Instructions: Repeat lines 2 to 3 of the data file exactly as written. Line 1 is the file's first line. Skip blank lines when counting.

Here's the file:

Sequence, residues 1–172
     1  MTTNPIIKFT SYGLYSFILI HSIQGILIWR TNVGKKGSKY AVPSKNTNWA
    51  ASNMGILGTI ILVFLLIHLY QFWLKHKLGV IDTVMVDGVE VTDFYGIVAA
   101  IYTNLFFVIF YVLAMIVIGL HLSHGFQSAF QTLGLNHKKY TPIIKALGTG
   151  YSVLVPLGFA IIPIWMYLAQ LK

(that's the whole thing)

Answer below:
     1  MTTNPIIKFT SYGLYSFILI HSIQGILIWR TNVGKKGSKY AVPSKNTNWA
    51  ASNMGILGTI ILVFLLIHLY QFWLKHKLGV IDTVMVDGVE VTDFYGIVAA